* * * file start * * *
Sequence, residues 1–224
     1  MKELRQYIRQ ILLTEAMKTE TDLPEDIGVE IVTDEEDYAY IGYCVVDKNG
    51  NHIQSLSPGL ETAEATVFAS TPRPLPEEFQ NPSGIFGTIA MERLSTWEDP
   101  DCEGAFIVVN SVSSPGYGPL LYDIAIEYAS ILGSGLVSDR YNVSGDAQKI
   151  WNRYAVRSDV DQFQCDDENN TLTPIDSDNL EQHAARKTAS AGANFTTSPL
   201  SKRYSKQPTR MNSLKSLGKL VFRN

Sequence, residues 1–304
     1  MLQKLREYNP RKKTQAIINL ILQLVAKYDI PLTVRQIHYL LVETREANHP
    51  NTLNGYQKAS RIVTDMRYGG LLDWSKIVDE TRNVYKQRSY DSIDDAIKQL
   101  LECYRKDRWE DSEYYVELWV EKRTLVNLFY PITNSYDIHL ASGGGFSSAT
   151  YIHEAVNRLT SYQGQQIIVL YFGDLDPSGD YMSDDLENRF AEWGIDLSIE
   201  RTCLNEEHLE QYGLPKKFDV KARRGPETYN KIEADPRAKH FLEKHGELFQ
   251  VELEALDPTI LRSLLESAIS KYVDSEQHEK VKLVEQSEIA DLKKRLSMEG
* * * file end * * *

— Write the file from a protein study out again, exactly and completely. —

Sequence, residues 1–224
     1  MKELRQYIRQ ILLTEAMKTE TDLPEDIGVE IVTDEEDYAY IGYCVVDKNG
    51  NHIQSLSPGL ETAEATVFAS TPRPLPEEFQ NPSGIFGTIA MERLSTWEDP
   101  DCEGAFIVVN SVSSPGYGPL LYDIAIEYAS ILGSGLVSDR YNVSGDAQKI
   151  WNRYAVRSDV DQFQCDDENN TLTPIDSDNL EQHAARKTAS AGANFTTSPL
   201  SKRYSKQPTR MNSLKSLGKL VFRN

Sequence, residues 1–304
     1  MLQKLREYNP RKKTQAIINL ILQLVAKYDI PLTVRQIHYL LVETREANHP
    51  NTLNGYQKAS RIVTDMRYGG LLDWSKIVDE TRNVYKQRSY DSIDDAIKQL
   101  LECYRKDRWE DSEYYVELWV EKRTLVNLFY PITNSYDIHL ASGGGFSSAT
   151  YIHEAVNRLT SYQGQQIIVL YFGDLDPSGD YMSDDLENRF AEWGIDLSIE
   201  RTCLNEEHLE QYGLPKKFDV KARRGPETYN KIEADPRAKH FLEKHGELFQ
   251  VELEALDPTI LRSLLESAIS KYVDSEQHEK VKLVEQSEIA DLKKRLSMEG